THE thrill of walking across the stage in graduation attire, being capped and looking out into the crowd to see family and friends beaming with pride is one that Kwanele Mlinganiso does not mind getting addicted to.
Mlinganiso (32) is a security staff member at Nelson Mandela University, who graduated with a higher certificate in Business Studies at the South Campus Indoor Centre on Thursday, December 12, 2019.
The married father of two – who was part of the cohort of about 800 service functions employees who were insourced by the University as an outcome of the #FeesMustFall movement in 2015 – said it all felt like a dream.
“I feel like this is a dream because I never thought that I, Kwanele Mlinganiso, would have an opportunity to cross a university stage wearing a graduation gown,” he said.
“The opportunity to study came at a point where I had already lost all hope of tasting a tertiary education. The University has been like a parent to me because it made possible things that my mother could not, and the support I get at work is just amazing.”
The second of four sons, Mlinganiso, who hails from Tamara, near King Williams Town, is among numerous Nelson Mandela University service employees who have taken up the studying and other development opportunities that came with Council’s decision to insource service workers.
The journey to crossing the stage came at quite a price as Mlinganiso practically lived out of his bag in 2018, which was the first of the two years it took to obtain his certificate. He made arrangements with his management to only work the late shift (18:00 to 06:00) so that he could attend classes during the day and make it to work on time in the evenings.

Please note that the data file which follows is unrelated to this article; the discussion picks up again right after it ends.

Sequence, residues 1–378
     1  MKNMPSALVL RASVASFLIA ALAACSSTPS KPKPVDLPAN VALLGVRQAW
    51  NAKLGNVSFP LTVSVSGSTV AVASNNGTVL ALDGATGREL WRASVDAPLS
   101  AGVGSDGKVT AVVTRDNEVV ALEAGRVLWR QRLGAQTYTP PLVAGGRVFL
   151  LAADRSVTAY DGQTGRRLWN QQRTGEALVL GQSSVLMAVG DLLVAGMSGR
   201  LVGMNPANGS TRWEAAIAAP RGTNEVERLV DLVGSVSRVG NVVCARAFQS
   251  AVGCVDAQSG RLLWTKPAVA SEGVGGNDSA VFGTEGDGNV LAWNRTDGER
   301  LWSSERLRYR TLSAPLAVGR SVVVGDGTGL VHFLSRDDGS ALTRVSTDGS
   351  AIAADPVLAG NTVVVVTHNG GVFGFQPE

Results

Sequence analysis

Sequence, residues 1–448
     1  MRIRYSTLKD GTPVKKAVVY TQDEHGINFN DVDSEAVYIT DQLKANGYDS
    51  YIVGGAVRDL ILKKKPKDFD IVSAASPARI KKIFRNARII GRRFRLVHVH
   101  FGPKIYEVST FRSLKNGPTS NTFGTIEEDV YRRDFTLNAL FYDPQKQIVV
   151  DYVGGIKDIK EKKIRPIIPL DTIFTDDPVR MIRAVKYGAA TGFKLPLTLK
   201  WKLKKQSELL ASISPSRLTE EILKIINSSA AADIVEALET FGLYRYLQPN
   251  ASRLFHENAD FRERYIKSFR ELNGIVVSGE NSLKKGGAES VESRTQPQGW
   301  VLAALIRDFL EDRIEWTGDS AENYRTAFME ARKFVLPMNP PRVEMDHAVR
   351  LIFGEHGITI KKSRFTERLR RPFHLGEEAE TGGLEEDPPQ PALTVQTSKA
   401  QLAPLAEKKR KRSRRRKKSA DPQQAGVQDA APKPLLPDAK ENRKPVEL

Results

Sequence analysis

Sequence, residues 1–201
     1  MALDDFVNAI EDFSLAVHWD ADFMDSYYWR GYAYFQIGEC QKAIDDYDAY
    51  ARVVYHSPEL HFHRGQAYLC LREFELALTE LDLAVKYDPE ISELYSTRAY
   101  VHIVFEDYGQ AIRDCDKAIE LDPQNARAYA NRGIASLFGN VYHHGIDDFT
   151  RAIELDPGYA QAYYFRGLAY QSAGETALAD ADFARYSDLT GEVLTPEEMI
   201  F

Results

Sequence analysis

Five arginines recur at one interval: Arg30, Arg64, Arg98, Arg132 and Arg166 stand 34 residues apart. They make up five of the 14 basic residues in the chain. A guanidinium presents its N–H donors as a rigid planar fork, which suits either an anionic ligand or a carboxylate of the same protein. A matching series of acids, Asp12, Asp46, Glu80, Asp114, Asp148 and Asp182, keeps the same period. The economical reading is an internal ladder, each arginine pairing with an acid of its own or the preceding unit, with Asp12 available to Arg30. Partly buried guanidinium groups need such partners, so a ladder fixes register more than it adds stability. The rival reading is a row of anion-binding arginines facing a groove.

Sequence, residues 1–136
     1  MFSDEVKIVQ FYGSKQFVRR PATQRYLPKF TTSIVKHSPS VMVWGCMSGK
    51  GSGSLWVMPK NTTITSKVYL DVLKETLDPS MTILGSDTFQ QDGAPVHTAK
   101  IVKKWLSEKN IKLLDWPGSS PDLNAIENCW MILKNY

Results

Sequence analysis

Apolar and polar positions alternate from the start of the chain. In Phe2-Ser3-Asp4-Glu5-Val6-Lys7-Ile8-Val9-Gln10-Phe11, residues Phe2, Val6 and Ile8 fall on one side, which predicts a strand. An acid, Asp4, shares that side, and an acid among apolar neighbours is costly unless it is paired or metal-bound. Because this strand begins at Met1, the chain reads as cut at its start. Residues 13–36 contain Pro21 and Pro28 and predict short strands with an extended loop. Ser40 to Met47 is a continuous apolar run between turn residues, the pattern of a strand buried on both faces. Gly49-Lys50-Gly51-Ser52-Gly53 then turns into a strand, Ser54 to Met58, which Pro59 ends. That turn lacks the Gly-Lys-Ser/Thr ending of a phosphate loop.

Staying in Wells Estate, near Motherwell, Mlinganiso would leave home on a Monday morning to attend classes at Missionvale Campus, near Zwide, and catch the University’s shuttle service after classes to get to work on South Campus on time. When knocking off work at 6am, he would shower in one of the on-site bathrooms and catch a shuttle to classes.
“That year was tough. I only went home on Fridays for the weekend because there was no time. In my bag, I didn’t only have books but also toiletries and clothes,” he said.
The previous year, Mlinganiso passed nine of his ten modules, and did the remaining module this year – which he passed with distinction.
He matriculated in 2007, with grades good enough to secure him entry to higher education, but finances were a challenge.
“We tried to get bursaries, but to no avail, and I then moved to Port Elizabeth to look for work because if I wasn’t studying, I needed to make money,” he said.
In PE, he worked for two private security companies. While with the latter company, he was insourced as a permanent staff member, affording him a myriad of employee benefits and studying and development opportunities.
His wife, Noxolo Mangiwa-Mlinganiso, is also in the Protection Services department and is currently upgrading her Grade 12 results through the matric programme.